Monday Morning Art School: nobody can copy you

Tilt-A-Whirl, oil on archival canvasboard, $869 framed includes shipping and handling in continental US.

Bobbi Heath sent me a post yesterday called How to Deal With Copycats, which I promised I’d read before I blogged this morning. “I’m never that worried about what other people are doing,” I added. She told me not to bother reading it but to just write about the subject, so that’s what I’m doing.

A few decades ago, a woman came up to my booth at a show and took a photo of one of my paintings. “I want to copy it,” she told me, apparently unaware of the etiquette of stealing others’ ideas. (First rule: don’t broadcast your intentions.)

“Good luck with that,” I told her.

There are some brilliant copyists out there. They’re called forgers, and I admire their ability to channel their creativity into chemistry rather than the business of brushstrokes. I’m too idiosyncratic myself, and I suspect most of us are. We have an inner vision that’s too strong to be overridden.

I am insufficiently dead to attract the attention of forgers. Those other copyists are called ‘amateurs’ and if their copying doesn’t affect the value of my work or my reputation, I don’t care what they do.

In Control (Grace and her Unicorn), 24X30, $3,478 framed, oil on canvas, includes shipping in continental United States.

Sometimes copying is about learning

I look at the work of Tom Root for his brushwork, Tara Will for her audacity, Cynthia Rosen for her palette knife virtuosity, Eric Jacobsen for his scumbling, and Colin Page for his color. I have no hesitation about copying passages to be sure I understand how they achieved the effect that interested me.

Is that being a copycat? No; it’s being a lifelong learner.

Best Buds, 11X14, oil on canvasboard, $1087 framed includes shipping and handling in continental US.

Paintings are mostly about what isn’t stated

It’s your inner vision that makes you unique, both as a painter and a person. I’ve taught painting for many years and one of my go-to lessons is to ask students to copy a masterwork. Can they make a perfect JMW Turner or Rockwell Kent or Emily Carr? Absolutely not; their own personality always seeps out through every brushstroke. That’s even true when I ask them to concentrate on brushwork.

A person who wants to copy your work or style is devoid of that strong inner vision. That means he or she won’t understand your viewpoint in the first place, which would make real mimicry impossible.

Beauchamp Point, Autumn Leaves, 12X16, oil on archival canvasboard, $1449 framed includes shipping and handling in continental US.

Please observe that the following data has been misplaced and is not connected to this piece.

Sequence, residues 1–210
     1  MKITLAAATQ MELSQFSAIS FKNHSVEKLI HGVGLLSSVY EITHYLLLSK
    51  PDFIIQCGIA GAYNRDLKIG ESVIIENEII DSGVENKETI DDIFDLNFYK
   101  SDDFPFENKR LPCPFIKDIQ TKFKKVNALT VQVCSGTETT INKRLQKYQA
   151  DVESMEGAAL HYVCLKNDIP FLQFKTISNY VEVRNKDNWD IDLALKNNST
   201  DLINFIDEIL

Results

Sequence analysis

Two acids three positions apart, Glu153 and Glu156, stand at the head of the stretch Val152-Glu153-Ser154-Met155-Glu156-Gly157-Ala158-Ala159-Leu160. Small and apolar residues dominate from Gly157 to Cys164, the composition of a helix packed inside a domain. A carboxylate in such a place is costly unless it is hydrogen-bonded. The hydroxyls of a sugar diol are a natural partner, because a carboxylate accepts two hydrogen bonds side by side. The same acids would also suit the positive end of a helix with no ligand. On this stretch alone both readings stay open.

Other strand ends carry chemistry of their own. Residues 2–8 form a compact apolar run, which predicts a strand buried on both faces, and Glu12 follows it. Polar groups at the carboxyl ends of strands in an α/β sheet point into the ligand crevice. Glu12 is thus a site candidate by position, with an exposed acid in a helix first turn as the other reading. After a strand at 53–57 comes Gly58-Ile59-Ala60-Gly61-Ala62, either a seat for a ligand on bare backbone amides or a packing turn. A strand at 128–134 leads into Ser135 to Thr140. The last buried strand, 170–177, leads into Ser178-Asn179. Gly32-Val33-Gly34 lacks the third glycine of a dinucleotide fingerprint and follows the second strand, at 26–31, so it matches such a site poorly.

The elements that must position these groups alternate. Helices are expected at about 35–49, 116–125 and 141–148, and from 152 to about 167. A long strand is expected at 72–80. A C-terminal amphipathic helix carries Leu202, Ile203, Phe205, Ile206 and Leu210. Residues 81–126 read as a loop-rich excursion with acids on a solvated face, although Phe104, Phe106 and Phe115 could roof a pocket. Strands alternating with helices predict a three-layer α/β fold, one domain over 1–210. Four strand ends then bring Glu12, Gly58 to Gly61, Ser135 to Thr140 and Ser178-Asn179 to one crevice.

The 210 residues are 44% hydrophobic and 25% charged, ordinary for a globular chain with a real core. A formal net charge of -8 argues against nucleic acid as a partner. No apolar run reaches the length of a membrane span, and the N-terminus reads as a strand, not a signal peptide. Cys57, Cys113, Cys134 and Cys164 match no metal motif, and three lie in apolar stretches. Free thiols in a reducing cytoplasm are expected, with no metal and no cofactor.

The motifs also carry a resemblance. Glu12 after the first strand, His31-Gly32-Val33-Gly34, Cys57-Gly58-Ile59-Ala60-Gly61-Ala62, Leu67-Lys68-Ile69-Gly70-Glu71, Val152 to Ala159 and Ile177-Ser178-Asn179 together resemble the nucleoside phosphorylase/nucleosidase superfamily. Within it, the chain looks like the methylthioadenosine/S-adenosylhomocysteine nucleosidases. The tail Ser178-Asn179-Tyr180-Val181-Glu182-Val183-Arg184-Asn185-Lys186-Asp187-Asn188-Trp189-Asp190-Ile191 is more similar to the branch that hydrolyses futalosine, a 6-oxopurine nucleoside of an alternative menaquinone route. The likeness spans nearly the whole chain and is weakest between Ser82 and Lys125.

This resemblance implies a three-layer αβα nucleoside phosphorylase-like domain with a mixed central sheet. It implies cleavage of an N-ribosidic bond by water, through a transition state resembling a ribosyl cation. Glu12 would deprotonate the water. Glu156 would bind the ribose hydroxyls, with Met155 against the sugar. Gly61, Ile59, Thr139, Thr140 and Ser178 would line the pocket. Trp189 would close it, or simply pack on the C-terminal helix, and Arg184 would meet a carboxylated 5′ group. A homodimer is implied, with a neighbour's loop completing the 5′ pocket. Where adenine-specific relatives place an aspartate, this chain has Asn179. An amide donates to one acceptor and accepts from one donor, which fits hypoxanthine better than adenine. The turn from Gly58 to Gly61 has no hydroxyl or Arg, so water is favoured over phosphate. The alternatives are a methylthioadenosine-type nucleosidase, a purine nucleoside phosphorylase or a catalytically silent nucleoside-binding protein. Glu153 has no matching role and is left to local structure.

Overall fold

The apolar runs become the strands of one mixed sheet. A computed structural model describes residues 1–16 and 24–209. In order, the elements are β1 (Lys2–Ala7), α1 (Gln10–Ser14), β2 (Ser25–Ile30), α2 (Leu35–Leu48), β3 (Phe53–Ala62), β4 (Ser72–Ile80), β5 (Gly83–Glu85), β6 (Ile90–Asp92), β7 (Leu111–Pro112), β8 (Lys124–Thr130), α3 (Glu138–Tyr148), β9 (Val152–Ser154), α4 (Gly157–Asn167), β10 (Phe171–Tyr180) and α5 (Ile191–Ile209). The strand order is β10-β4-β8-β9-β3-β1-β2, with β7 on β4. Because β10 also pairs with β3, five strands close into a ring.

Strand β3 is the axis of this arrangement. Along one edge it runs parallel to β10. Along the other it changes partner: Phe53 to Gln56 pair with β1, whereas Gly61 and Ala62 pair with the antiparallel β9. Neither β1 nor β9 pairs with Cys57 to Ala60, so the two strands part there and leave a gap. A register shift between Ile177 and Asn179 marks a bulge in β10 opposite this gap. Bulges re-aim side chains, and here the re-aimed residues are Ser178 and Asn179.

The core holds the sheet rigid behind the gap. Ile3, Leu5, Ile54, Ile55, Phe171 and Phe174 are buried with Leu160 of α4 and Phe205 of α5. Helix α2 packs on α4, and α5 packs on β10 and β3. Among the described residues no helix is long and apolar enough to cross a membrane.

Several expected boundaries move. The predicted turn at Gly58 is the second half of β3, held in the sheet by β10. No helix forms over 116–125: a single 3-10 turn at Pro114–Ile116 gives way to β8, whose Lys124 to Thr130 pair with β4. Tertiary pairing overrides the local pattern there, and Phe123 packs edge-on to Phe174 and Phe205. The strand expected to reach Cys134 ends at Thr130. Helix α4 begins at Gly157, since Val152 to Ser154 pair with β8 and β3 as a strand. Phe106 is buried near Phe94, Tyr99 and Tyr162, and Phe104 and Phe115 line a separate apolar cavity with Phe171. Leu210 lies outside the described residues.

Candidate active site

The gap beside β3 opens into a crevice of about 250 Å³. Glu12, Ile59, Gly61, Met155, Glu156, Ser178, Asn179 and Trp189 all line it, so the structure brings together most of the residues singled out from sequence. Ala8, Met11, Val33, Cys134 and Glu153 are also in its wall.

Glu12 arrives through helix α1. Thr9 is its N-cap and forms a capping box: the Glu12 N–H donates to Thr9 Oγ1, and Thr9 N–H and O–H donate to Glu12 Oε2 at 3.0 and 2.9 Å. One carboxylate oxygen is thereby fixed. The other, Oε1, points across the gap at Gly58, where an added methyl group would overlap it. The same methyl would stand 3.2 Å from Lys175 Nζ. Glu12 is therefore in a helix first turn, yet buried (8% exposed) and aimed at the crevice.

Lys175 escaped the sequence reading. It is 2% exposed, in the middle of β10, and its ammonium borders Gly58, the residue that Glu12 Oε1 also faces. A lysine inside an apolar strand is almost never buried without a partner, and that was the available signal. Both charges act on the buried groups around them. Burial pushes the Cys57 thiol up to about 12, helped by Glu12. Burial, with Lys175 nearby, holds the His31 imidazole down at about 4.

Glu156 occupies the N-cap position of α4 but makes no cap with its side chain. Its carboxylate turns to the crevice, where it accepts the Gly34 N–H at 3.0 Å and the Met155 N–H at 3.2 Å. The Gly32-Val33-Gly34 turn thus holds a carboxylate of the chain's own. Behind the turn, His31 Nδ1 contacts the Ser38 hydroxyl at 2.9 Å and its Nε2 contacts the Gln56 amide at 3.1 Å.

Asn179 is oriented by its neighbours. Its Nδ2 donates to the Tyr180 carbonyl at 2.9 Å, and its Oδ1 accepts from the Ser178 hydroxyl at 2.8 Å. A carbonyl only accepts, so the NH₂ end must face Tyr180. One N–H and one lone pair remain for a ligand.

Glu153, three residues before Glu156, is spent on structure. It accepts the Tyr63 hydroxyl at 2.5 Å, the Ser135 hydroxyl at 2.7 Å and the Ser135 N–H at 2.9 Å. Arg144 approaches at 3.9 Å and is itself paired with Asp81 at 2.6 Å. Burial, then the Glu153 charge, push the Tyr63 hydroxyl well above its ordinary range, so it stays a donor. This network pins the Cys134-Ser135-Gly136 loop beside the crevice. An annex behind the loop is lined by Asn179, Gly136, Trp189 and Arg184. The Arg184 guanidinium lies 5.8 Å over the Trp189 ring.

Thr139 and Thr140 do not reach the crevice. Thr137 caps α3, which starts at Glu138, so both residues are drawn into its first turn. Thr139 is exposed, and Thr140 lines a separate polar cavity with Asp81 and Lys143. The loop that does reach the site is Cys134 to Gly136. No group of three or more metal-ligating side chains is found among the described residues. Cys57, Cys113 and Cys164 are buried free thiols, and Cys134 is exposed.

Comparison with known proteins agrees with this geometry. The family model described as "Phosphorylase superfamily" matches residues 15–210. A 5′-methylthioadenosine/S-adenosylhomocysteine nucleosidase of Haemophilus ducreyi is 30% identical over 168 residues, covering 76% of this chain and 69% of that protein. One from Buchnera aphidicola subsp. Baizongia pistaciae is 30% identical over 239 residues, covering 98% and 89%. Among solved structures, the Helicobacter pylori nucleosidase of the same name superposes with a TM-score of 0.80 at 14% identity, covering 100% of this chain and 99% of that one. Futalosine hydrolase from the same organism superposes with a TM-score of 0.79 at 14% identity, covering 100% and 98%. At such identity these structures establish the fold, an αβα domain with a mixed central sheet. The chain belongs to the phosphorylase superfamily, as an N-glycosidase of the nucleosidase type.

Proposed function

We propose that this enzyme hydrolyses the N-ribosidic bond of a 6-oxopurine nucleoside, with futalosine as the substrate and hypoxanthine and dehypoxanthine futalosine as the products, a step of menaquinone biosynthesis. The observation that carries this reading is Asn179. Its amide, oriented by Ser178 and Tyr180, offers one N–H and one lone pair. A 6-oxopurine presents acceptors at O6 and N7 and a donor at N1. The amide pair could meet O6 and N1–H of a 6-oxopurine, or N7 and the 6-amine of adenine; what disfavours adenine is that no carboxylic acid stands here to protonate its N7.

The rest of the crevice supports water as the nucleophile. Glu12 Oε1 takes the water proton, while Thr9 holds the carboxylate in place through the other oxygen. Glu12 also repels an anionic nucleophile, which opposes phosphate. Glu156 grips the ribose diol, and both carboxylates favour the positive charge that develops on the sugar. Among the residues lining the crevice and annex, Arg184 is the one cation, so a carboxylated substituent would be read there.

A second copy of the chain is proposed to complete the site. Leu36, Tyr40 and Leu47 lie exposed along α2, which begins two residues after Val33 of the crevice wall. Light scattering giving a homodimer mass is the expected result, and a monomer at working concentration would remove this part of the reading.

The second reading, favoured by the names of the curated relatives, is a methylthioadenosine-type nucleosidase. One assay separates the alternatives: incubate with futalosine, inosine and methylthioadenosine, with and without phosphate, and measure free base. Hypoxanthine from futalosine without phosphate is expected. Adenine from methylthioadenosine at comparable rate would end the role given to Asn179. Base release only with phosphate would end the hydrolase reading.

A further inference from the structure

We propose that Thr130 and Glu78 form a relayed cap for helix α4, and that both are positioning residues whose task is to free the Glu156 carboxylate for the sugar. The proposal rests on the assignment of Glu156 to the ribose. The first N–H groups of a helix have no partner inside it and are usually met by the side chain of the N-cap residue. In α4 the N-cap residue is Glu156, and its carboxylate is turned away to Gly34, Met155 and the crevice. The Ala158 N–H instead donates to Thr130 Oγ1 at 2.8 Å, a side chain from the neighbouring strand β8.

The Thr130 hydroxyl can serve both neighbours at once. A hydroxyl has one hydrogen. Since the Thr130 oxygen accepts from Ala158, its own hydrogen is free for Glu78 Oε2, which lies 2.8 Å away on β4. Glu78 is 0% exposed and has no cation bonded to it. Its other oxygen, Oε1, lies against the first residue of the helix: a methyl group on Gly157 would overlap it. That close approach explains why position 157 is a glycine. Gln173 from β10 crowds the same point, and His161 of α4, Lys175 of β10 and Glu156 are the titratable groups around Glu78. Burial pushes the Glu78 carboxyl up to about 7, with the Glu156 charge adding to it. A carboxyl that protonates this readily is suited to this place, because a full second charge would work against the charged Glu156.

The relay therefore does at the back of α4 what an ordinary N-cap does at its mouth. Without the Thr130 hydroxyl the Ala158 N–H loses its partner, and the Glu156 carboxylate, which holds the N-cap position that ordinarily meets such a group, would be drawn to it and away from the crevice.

What is style, anyway?

Years ago, a painting teacher told me that heavy outlines were my style. He was wrong; they were just an inability to marry edges (which I hadn’t been taught yet). That’s an argument for not even thinking about style until you’ve developed serious painting chops. Style is different from being stylish, to which we should all aspire.

Style is the gap between your inner vision and your ability to render it. That disconnect may be caused by bad painting chops. It can equally be caused by something subconscious that elevates, rather than diminishes, your vision.

Vincent van Gogh is an eloquent example of this. His obsessive need to put his inner vision on canvas tells us he never quite succeeded in matching up his brush with his mind. We’ve all benefited immeasurably from that disconnect, since his style has profoundly influenced modern art.

But what about AI?

I feel about AI the same way I do amateur copyists. At this point in its development, it’s easy to pick out AI-generated art online. Maybe someday AI will be good enough to look like it has a heart, but we’re not there yet.

My 2024 workshops:

5 Replies to “Monday Morning Art School: nobody can copy you”

    1. On a similar note. Our group was having a show and someone questioned the liability, “What if someone steals a painting?”. My comment was ” You should be honored that they chose yours to steal”.

  1. I agree that “insufficiently dead’ was good. I disagree about egregious art theft (e.g. the booth lady) – if all you said was “good luck” you missed an opportunity to educate. (I know; random stranger, not your job, etc. etc.) But there is a difference between stealing for education (Steal Like an Artist is a good book FTR) and stealing for profit/gain or because you just DGAF (hence my issues with AI.) I don’t care if people copy my work to learn; I DO care if they steal my ideas, replicate my work and claim it as their own. That’s happened more than once and it feels, frankly, gross. I also agree it’s an amateur move; in those instances I had an opportunity to educate the copycats, who obligingly and regretfully took their work down – as far as I know, permanently. In another instance the copycat had copied a very well known painter, posted her (fairly decent) copy in a show, took a prize, and sold the work. (The other artists in the show were, understandably, miffed.) Carol, you are spot on in this: the professional learner (lifetime learner, pro artist, whatever you want to call is) copies style, methodology, process etc. to learn and weaves the resultant learning into their own craft; the copyist stultifies his/her craft because they stop there. Claiming others’ work as your own just adds insult to injury.
    ps I feel like we should be having this discussion over a cup of coffee and a muffin admiring a spacious mountain view. šŸ˜‰

Comments are closed.